One of Central’s most famous graduates

November 6, 2012

 

Kathy Laakso
Zenith City Weekly

Superior’s Central High School launched a remarkable number of gifted students, including sports legends Ernie Nevers and Bud Grant, award-winning photographers Esther Bubley and Ray Jones, and WWII hero Dick Bong.  


Another talented graduate was Sylvia Backman Aarnio, who went on to become an accomplished concert singer in the U.S. and Europe, performing with the Philadelphia Philharmonic, the Boston and Dallas Symphonies, and the Finnish National Opera.


Born in 1920 to Finnish immigrants Carl and Kate Backman, Sylvia grew up in Superior’s North End. Her singing debut was at the age of five and she began taking piano lessons at the age of seven.


During her high school years at Central, she took voice lessons from Elizabeth Terry, a concert singer and voice teacher at Superior State Teachers College. Her graduation picture in the 1938 Echo yearbook was accompanied by the caption: “Studious and brilliant.”


A lyric soprano, her love was classical music, saying the Jitterbug was only good for dancing. But it was her love of music from her parents’ native Finland that led her to meet the famous Finnish composer Jan Sibelius.


One of her talents as a soprano was the ability, “on a good day,” to hit the G above high C. When Sylvia was 19, having attended two years at Superior State Teachers College, Elizabeth Terry knew her student needed to move beyond Superior.


She and several others in the community sponsored programs and concerts to raise money for Sylvia to attend the Juilliard School of Music. In 1940, saying she would “sing or starve,” she left for New York.


But starve she didn’t. In fact, when she graduated from Juilliard, Sylvia was chosen to sing at commencement. In a letter to Terry, she wrote that this honor “is a down payment on the great debt I owe you and others directly...the people who have had faith in me and to you who ignited the spark, encouraged me and finally even freed me to attempt something bigger than what Superior could offer.”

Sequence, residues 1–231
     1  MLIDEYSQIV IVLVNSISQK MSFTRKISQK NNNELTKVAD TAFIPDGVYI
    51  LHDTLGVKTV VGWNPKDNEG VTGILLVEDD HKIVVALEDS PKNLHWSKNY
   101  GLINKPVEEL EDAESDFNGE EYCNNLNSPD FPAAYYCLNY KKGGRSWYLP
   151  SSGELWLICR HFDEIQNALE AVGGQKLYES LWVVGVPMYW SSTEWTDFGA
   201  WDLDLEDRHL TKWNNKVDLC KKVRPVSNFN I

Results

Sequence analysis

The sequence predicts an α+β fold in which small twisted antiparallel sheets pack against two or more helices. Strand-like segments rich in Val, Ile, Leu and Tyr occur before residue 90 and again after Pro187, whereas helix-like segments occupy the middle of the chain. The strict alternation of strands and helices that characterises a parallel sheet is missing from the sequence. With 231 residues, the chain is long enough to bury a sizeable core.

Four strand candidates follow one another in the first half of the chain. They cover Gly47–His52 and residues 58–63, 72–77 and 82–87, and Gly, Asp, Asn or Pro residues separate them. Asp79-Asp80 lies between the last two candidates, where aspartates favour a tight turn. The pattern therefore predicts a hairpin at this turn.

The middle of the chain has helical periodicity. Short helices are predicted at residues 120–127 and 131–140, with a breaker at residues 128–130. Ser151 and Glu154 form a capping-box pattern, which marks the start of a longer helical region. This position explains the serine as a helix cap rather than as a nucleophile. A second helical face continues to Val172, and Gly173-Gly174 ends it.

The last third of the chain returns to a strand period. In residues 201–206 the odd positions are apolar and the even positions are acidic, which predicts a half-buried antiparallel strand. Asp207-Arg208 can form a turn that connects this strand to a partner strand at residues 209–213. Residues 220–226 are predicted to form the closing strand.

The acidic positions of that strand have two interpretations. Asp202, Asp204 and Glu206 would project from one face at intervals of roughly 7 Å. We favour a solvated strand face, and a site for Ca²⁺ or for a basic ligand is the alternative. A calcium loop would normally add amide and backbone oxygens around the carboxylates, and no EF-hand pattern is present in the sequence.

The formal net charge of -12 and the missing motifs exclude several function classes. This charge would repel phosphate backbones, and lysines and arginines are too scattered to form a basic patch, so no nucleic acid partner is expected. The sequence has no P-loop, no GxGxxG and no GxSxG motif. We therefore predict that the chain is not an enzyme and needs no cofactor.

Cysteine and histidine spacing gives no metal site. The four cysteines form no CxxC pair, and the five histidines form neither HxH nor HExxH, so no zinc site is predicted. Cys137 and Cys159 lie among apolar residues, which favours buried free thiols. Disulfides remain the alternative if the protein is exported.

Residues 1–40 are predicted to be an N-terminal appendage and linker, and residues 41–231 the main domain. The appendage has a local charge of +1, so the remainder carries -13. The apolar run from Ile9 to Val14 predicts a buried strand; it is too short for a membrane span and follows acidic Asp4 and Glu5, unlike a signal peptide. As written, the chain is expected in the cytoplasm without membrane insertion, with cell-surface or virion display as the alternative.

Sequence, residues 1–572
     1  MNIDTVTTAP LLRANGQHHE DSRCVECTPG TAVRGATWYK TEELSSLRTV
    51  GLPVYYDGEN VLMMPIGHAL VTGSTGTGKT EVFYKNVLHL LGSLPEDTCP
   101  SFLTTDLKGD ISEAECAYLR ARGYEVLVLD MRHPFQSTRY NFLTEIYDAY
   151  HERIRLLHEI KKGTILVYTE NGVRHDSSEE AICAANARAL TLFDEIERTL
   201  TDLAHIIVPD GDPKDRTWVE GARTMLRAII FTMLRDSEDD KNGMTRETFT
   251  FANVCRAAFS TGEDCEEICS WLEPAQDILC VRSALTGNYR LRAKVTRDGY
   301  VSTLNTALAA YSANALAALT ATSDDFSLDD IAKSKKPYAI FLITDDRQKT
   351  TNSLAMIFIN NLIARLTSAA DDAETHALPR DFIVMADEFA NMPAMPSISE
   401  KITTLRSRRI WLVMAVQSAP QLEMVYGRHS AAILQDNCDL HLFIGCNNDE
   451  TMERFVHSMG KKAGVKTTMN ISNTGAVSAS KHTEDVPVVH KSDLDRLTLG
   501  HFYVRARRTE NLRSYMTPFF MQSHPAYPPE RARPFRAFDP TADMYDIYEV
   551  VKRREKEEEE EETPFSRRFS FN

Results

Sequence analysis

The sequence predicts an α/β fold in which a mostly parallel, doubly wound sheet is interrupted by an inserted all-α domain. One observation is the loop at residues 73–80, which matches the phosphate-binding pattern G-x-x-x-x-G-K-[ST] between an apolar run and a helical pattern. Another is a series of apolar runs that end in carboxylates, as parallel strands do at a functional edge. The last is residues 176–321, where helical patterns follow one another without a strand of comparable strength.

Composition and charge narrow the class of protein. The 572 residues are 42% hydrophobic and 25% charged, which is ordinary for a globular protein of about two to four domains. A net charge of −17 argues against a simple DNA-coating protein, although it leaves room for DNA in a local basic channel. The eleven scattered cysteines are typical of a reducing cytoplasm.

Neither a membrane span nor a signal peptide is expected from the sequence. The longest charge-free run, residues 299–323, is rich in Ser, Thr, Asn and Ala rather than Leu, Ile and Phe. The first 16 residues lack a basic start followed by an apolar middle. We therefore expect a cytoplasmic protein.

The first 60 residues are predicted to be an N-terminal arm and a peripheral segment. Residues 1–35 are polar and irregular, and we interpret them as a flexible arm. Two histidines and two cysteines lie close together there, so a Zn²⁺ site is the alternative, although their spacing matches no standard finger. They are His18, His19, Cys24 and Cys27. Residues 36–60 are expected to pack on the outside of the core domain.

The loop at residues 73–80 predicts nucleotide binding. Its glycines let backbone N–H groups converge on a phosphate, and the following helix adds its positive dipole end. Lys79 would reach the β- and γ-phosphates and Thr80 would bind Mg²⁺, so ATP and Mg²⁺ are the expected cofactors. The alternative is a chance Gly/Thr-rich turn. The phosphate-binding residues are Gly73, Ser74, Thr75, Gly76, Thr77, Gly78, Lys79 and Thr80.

In her third year at Juilliard, Sylvia met her husband, Reino Aarnio. A native Finn, he was already a successful architect who later designed the Hawaiian Pavilion for the 1964-65 World’s Fair.  


Through a friend of her husband’s, Sylvia Aarnio heard about a talent search to perform Sibelius’ “Tone Poem for Piano and Orchestra” with the Finnish Radio Orchestra.  


She collected Sibelius’ work and had studied this one in particular, making her the natural choice. It was broadcast on radio in Finland and the United States.


Finnish radio critics said of her performance, “Sylvia Aarnio is a name to keep in mind. A young warm, evenly developed soprano voice which has depth and intensity and soulful expression with regards to music as well as the text.”


In 1953, she was invited to be the soloist at the annual Sibelius Festival in Helsinki, after a private audition for Jan Sibelius at his home, where she sang “Luonnotar” (Creation of the World). The composer was 87 years old, living in seclusion at his villa. “When I first entered the room where he was sitting,” Aarnio said in a newspaper interview, “I had such stage fright that my vocal cords were paralyzed.” But when she finished, he asked her to sing it again.  


Three years later, he invited her to perform at his birthday celebration in Carnegie Hall. So impressed by her singing, he wrote in his memoir, “I hear you singing in my heart; I know you know how to interpret my music.”


Although she was a Finnish language professor at New York University and the Berlitz School, Aarnio’s passion was to introduce the world to the music of her heritage. As a tribute to the composers, she recorded an album called “Finnish Songs.”


In the 1960s, she toured with Ulla Katajavuori, who played the Finnish kantele, a string instrument Aarnio described as played like a zither, but which sounds like a harpsichord. “The record of the Finnish people was passed on by singing these epics to the plucking of the kantele, a sort of telegraph system of communication.”


Although her mother and father didn’t sing, their relatives in Finland were talented. Aarnio’s cousin, Mia Backman, was considered an equal to Ethel Barrymore.


When reporters reminded her of the days when she was pleased to hit the G above high C, she said, “Since my beginning studies [at Juilliard], I learned that the quality of the voice is more important than its range.”


In 1963, she performed for her “most critical audience” at her Central High reunion. “They’ll all want to see what their hometown girl has learned in these years.”


In 1986, she was made a Knight of the Order of the Lion of Finland for furthering Finnish culture and decorated with the Order of the White Rose of Finland.


When she died in 2010, at the age of almost 90, Aarnio’s wish was that memorials go to the Finlandia Foundation, one of many cultural organizations of which she and her husband were board members.

Kathy Laakso is the director of the Douglas County Historical Society. With Teddie Meronek , she co-authored Central A-Z: A History of a Superior School. Although the book covers many of its alumni, there wasn’t enough room for Sylvia Aarnio! Hopefully, this article makes up for that.
 

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